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Me and my bike: Orbitrec

16 Oct 2018

Photography: Danny Bird

They all laughed at Christopher Columbus, when he said the world was round; they all laughed when Edison recorded sound,’ penned Ira Gershwin.

And not so long ago, the idea that bicycles would be printed out of metal powder like robotic anthills rising from dust was the stuff of sci-fi.

Yet here we are. 3D printing has become common practice in bicycle construction.

The basic process involves uploading a CAD drawing of a shape to a 3D printer, which divides the shape into thousands of particle-thick ‘slices’.

These are then traced out by a laser over a bed of powdered material, melting and fusing the powder, layer by layer, to build up a three-dimensional shape. 

This process can take many hours, even days, but one ingenious aspect is that incredibly complex structures and multiple different parts can be printed in the same session.

A head tube and a bottom bracket lug at the same time, for example. Or a whole bike.

‘This bike uses 3D-printed titanium lugs, which have a hollow internal lattice structure like human bone, bonded to carbon-fibre tubes,’ says Satoshi Yanagisawa, product designer with Japanese tech company Cerevo.

‘Our first project, four years ago, involved making an entirely 3D-printed metal frame. Its price was stupid, about £28,000. For one frame! This one is a lot cheaper, about £7,000.’

That’s still eye-watering money, even given the custom nature of the Xon Orbitrec.

But then, this is much more than a bicycle with disc brakes that weighs 7.5kg. It’s a step towards a new cycling dawn.

Beyond the obvious

‘We have purposefully left the 3D-printed elements of the bike rough,’ says Yanagisawa of the dull metal joints that exhibit tiny undulations on their surface.

‘We took an earlier version of the bike to CES [the Consumer Electronics Show] and cleaned up and painted the lugs, but then people doubted us when we said it was 3D-printed!’

Hang on just one minute. Why, precisely, was Yanagisawa proudly displaying a bicycle at a technology show in Las Vegas?

‘Because the Xon Orbitrec is an intelligent bike,’ he says. ‘Inside there are sensors: a nine-axis sensor, G-force, temperature, humidity, brightness and GPS.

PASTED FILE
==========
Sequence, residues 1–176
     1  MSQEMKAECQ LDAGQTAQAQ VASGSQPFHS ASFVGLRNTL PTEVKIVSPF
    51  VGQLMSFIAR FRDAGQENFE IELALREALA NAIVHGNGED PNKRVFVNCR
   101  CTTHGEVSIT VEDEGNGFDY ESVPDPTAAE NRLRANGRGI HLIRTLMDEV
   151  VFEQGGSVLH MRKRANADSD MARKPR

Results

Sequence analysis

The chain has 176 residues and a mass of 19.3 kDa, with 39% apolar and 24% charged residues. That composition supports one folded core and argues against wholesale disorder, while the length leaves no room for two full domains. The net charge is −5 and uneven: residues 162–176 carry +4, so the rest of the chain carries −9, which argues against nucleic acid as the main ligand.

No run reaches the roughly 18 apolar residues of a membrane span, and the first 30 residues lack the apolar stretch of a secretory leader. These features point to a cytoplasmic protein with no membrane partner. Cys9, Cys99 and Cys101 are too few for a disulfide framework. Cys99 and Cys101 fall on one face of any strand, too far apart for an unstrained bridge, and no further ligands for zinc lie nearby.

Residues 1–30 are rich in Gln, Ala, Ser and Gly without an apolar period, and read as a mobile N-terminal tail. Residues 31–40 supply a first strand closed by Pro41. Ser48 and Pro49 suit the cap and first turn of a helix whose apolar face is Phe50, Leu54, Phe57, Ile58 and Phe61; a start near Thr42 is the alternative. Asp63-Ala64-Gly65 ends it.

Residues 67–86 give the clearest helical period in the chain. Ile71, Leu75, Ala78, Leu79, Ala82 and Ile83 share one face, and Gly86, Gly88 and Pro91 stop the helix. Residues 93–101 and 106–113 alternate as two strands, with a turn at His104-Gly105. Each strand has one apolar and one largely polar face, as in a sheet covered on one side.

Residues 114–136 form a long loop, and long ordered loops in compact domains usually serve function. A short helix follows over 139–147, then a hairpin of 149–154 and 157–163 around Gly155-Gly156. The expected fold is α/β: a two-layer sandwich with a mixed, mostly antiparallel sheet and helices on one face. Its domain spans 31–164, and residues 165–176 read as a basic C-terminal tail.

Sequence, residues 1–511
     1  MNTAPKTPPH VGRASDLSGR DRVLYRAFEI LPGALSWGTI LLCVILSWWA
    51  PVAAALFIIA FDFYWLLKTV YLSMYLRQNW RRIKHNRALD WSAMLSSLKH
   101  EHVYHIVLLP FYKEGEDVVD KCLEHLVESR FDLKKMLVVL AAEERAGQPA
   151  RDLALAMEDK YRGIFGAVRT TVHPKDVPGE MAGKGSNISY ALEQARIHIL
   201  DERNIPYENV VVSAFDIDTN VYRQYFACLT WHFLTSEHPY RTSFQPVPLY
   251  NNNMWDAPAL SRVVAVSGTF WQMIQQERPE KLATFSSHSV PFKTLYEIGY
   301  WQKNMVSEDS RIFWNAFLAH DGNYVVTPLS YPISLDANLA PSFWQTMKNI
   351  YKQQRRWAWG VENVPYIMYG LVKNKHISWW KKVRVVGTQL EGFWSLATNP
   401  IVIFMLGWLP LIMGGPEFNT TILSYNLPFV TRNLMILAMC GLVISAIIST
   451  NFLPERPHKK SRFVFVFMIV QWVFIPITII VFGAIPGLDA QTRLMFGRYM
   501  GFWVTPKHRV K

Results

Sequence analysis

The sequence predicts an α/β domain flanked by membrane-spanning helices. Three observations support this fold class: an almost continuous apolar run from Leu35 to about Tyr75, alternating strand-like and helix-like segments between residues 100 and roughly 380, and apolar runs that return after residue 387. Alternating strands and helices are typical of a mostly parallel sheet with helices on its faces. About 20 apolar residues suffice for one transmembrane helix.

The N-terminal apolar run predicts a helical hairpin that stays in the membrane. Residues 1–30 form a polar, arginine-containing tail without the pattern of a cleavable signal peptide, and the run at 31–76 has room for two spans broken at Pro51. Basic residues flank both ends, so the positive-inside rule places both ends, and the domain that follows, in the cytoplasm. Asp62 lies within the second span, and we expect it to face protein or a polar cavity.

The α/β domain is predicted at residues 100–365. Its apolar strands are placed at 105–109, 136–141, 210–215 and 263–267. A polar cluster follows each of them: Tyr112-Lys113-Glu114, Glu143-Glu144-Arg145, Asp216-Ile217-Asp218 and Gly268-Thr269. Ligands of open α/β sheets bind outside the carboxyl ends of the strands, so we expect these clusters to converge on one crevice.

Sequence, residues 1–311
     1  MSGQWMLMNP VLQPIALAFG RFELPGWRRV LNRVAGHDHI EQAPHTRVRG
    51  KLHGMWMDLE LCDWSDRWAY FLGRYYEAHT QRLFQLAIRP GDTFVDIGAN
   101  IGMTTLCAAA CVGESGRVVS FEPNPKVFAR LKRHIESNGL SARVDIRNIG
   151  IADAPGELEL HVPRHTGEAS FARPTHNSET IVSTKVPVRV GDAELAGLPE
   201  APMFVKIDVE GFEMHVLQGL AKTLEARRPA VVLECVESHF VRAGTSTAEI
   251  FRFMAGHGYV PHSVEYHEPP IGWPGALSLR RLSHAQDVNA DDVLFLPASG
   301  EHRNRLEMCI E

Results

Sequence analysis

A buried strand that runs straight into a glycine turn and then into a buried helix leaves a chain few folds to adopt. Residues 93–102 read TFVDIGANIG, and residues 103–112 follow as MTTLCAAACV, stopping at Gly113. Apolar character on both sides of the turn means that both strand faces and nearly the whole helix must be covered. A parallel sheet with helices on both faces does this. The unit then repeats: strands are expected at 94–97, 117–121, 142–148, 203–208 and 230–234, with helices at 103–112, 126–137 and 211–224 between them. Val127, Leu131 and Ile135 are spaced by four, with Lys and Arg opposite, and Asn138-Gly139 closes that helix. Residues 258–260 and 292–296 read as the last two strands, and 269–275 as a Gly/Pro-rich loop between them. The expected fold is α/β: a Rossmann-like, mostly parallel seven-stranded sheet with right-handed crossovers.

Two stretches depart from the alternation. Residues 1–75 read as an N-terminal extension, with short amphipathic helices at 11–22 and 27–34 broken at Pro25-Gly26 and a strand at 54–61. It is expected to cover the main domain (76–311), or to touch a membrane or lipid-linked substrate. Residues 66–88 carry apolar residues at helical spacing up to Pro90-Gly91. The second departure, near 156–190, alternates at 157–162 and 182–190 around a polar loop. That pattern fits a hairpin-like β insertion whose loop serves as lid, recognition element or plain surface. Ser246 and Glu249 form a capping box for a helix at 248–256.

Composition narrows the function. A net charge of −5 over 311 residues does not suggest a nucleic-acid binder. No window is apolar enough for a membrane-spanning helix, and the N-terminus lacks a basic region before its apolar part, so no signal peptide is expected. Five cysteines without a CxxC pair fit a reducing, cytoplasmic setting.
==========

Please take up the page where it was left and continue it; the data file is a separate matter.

‘The bike also pairs with Bluetooth and ANT+ devices, such as power meters and heart straps.

‘The idea is to gather as much data as possible to analyse what the rider-bike system is experiencing in real time, a bit like a Formula 1 car. As yet no one out there is measuring the riding situation.’

Yanagisawa explains that while there is a host of large companies making devices that harvest metrics as you ride, these devices primarily focus on the output of the rider and location.

The sensor unit inside the Orbitrec – a 50g unit called the Ride One – concerns these elements too, but weaves them into a far more complex picture about how the rider and environment are interacting.

‘For example, we have onboard GPS and a sensor that measures braking force and frame deflection,’ he explains.

‘Then, just like Strava does with its heat maps, with Ride Ones fitted to multiple bikes all uploading data to the same place, a town planner could see a real-world picture of road usage.

‘Lots of riders undergoing sudden braking forces in an area could mean there’s a dangerous junction that needs to be addressed. Lots of riders experiencing significant frame deflection on a stretch of road means it’s time to resurface.’

It’s an intriguing scenario, and the connotations are far broader than safety and civil engineering. The information provided could potentially be race-winning.

‘Consider a directeur sportif,’ says Yanagisawa. ‘He has a rider up ahead and data is being streamed live to his car.

‘He can see the condition of the road surface and the weather, and relay the information to his riders further back, like real-time reconnaissance.

‘Or cornering. We can measure pitch and roll so we can see how far a rider leans through a corner, the weight distribution and the forces exerted on the bike, along with speed and the power.

‘We can theorise how fast a rider can go round a corner based on lean angle, then compare this with the data gathered to see if they are hitting those numbers or whether they could push harder.

‘There is no reason why one day there could not be a live indicator on the cockpit that tells a rider, “Lean, lean, lean, stop!”’

Let’s talk bikes that talk

‘We believe we can make a totally different kind of frame that can communicate to the rider, or to a manufacturer that wants to see how its bike performs in real-world situations: for example, where to make it stiffer, where to add more flex,’ Yanagisawa concludes.

As with any new piece of tech there’s more potential in the Orbitrec’s DNA than there is cold, hard realisation, but the hardware is already there, he believes, and with the right software development, real-time bike telemetry will be possible.

And let’s face it, even if you’re not a pro, a DS or a bike designer, who doesn’t want more data?

They said power meters would never catch on…